Opera Lyra Ottawa’s Director of Production shares his thoughts on our scenic settings for Turandot.
I have always been fascinated by the idea of negative space or ‘Ma’ (Japanese for ‘gap’ or ‘empty’). I am not educated in the method, but am inspired to think in these terms when I think of the set for Turandot.
In this production of Turandot, Scenic Designer Anita Stewart transforms the theatre into a bare canvass and the scenery is reduced to its essentials – a series of scaffolds and bare platforms – simple yet powerful forms and lines. Anita’s vertical landscape is rich with meaning and reflects the social hierarchy that divided the people and landscape surrounding the Forbidden City and the palace within. With Michael Baumgarten’s lighting, the bare space is given depth and contrast. Michael uses a large backdrop and rich colour to impose detailed silhouettes of structure and performer. These shadows dance between and redefine the positive and negative space throughout the show. John Boesche’s projections fill the space with mood and meaning. His projections of cloudy skies, Chinese texts and abstract but sensuous designs have been described as a ‘velvet-backed greeting card’.
It is a fine marriage of design.
I am inspired by the simplicity and the stark contrasts it allows for. The negative space fills up with colour, dimension and most importantly, rich, refined performances that dance and sing out from the in-betweens evoking the ‘nocturnal mysteries of fairy tale Peking’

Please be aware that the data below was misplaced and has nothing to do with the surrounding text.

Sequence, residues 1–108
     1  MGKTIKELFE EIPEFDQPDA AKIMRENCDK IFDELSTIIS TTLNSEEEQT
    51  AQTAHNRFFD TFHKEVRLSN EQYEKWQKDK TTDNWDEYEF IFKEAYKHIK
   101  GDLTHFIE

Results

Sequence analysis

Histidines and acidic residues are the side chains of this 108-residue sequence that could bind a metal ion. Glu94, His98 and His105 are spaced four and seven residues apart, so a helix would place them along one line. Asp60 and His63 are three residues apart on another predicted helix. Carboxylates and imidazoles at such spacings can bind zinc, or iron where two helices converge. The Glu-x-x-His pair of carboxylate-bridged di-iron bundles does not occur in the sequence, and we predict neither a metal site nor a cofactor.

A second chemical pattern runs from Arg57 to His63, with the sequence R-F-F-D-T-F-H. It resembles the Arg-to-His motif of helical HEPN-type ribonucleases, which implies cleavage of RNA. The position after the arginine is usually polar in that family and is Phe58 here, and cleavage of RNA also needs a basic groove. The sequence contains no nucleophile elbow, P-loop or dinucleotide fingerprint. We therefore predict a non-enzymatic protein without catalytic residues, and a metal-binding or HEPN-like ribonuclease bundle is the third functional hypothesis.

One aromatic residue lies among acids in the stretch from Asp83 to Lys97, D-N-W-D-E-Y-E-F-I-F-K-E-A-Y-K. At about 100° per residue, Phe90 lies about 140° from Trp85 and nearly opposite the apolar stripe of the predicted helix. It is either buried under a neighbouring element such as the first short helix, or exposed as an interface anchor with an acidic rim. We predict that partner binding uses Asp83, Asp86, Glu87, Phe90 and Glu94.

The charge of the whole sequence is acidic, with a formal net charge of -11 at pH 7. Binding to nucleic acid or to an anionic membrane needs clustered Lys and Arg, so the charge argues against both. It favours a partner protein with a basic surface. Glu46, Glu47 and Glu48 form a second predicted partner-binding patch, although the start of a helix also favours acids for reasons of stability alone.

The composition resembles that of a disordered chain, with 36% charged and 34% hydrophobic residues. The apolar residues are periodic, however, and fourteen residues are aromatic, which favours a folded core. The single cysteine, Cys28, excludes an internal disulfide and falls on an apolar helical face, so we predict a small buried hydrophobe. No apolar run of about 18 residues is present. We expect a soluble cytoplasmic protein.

Implementing the design at the National Arts Centre requires a different mind set altogether; struggling with the finer details and practical challenges requires some micro management and looking beyond the image and art. I have the help of the NAC backstage crew, Opera Carolina and a creative/management team not to be outdone. Planning, plotting and devising the safest and most efficient way to bring this set to life requires most of my attention. Luckily, I have stupendous support from all sides and am thusly afforded the odd moment to reflect on the possibilities and let the images take me away.
Rick Banville, Director of Production